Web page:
139th National Cancer Advisory Board
primaries of the opposite breast 50 percent more than the tamoxifen treatment. Considering that tamoxifen had reduced that risk by 50 percent, the potential exists for a 70-75 percent reduction in primary invasive breast cancer compared with an untreated control group. Letrozole was capable of doing that in both the traditional adjuvant setting and the so-called extended adjuvant setting compared to placebo, but after 5 years of tamoxifen therapy. The P-4 proposal has already gone through peer review, and the hope is to initiate P-4 this calendar year.
In conclusion, Dr. Wickerham reminded everyone that the breast cancer stamp is one way to thank the women who have participated in the prevention trials. He acknowledged that the breast cancer prevention program of the NSABP owes its worldwide reputation to the thousands of women willing to enter its various prevention trials.
Questions and Answers
Dr. Runowicz asked for comment on the number of DCIS incidences that would have been expected on a placebo arm versus what was seen on the raloxifene arm alone, noting that she understood that raloxifene-mediated decrease was lower than that for tamoxifen. Dr. Wickerham replied that it would be necessary to refer to the P-1 trial and because the populations were somewhat different, it would be hard to say whether the few per thousand seen in the raloxifene group has no effect at all as in the expected population effect or a little bit lower. Dr. Chabner observed that, according to the Gail model, people above age 60 are at increased risk. He asked for an opinion on whether every woman without another factor that would proscribe its use should be on raloxifene to prevent breast cancer. Dr. Wickerham replied that the Gail score is used as a way to quantify risk within this clinical trial, but could conceivably be used as a tool to select individuals who may or may not be candidates when people become comfortable with it. He expressed the view that it is not an absolute criterion but simply a starting point in a reasonable risk benefit assessment that takes into account the Gail score but other things as well. Dr. Chabner pointed out that the estrogen receptor positivity findings represent an opportunity to try to understand tamoxifen resistance. Dr. Wickerham agreed and noted that NSABP already has begun to look at the molecular profile of the breast cancers that occurred in both trials while these women were on tamoxifen. One Pittsburgh group has begun that process to see whether a profile can be identified that would provide an insight into why resistance occurred.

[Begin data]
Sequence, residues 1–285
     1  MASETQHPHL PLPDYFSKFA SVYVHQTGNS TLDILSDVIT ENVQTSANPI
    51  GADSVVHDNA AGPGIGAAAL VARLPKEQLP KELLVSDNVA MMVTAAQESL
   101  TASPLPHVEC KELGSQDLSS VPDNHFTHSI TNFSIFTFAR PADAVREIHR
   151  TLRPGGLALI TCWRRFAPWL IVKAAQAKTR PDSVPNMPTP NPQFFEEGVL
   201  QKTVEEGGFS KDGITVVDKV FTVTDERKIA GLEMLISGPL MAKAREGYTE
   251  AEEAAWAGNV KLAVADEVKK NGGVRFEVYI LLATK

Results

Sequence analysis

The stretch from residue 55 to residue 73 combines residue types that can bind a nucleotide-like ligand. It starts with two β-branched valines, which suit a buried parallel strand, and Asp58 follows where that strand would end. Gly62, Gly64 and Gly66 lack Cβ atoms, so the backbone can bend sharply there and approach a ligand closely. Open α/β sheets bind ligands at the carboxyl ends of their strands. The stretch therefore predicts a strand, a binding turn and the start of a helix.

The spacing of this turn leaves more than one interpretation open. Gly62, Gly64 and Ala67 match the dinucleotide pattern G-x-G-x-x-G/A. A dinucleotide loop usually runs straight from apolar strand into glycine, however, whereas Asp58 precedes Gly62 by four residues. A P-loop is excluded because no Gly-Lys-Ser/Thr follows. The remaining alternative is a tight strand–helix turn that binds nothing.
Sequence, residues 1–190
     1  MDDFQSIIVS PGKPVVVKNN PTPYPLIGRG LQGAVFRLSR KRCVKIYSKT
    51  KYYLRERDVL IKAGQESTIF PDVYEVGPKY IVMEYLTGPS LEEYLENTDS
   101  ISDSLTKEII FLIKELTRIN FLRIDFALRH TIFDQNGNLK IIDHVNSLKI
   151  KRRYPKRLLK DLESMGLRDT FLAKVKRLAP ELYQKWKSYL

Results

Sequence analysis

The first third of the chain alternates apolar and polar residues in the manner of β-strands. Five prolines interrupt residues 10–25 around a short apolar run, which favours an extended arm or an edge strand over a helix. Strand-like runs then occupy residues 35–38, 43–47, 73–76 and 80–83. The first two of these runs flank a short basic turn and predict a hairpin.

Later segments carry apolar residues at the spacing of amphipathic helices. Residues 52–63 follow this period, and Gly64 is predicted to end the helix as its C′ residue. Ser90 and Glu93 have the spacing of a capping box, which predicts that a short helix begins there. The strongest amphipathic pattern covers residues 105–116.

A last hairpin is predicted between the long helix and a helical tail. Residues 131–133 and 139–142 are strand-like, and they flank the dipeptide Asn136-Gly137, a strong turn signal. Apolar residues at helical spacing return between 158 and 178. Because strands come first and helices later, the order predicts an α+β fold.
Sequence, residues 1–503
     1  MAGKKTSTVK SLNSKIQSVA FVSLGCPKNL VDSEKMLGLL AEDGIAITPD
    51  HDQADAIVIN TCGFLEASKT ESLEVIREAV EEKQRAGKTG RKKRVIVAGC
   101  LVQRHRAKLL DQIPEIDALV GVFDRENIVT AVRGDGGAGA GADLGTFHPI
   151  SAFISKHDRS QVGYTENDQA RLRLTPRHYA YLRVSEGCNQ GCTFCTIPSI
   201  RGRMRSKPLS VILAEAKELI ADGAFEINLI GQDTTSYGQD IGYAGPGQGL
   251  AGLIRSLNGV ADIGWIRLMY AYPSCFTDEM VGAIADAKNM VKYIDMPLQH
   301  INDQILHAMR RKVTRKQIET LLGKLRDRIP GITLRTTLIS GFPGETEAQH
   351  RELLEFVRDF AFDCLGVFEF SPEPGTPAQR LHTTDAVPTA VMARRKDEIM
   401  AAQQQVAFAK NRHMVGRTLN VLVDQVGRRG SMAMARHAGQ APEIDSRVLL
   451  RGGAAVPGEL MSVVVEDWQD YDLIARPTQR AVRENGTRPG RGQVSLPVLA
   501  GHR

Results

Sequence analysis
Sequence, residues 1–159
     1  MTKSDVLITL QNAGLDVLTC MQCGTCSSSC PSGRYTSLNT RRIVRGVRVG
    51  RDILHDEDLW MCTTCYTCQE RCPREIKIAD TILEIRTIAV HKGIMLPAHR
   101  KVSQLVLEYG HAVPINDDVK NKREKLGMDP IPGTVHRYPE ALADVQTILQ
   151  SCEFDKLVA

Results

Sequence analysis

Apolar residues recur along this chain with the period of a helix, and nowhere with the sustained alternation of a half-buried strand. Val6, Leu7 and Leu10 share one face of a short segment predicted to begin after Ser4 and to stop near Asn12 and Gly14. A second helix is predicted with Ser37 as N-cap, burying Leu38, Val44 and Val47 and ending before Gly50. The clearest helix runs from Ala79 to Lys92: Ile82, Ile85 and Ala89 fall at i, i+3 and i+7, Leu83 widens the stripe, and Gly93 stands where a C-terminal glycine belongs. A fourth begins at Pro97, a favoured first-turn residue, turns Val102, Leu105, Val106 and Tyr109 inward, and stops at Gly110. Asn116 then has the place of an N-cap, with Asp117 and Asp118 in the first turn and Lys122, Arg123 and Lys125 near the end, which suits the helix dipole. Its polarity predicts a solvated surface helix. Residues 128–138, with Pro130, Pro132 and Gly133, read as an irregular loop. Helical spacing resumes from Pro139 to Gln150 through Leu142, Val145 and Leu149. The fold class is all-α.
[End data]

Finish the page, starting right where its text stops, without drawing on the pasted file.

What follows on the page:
Dr. Freedman asked about excluding patients where there was use of estrogenic substances in the past that might have influenced the progression, whether a history of that use was obtained, and whether the arms of the study were balanced. Dr. Wickerham replied that concurrent estrogen use was excluded. Women were permitted to enter the trial after a 3-month washout period of any of those products; all medications were characterized at the time of entry. In answer to the balance query, he observed that 20,000 people in the study would likely ensure a balance no matter what is examined. Dr. Meneses asked about overall adherence to the regimens. Dr. Wickerham explained that much time and effort was focused on adherence and compliance of both NSABP investigators or coordinators and the women coming into the trial. The goal was to make certain those coming into the trial knew what would be happening and the extent of the commitment they would be making. The original estimate for the STAR trial was that the level of noncompliance (i.e., dropping off medication but not out of the trial) would be 7.2 percent per year, but the actual level was lower. He stated that those figures are important because the sample size was defined based on those levels of assumptions; therefore, compliance was tracked carefully during the course of the study.
Dr. Kenneth Cowan, Director, Eppley Cancer Center, University of Nebraska Medical Center, commended the NSABP and NCI for spearheading these prevention efforts, noting that they provide evidence that an emphasis on prevention could lead to a significant health benefit in women and in other